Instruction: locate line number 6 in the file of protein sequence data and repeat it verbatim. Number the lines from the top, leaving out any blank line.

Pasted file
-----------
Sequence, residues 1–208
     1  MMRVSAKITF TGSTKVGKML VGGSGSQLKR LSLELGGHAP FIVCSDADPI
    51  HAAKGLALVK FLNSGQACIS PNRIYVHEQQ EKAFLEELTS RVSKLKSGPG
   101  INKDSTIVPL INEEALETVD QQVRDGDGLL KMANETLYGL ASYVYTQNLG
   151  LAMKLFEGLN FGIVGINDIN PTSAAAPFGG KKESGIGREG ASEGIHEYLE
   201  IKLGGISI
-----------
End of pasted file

   201  IKLGGISI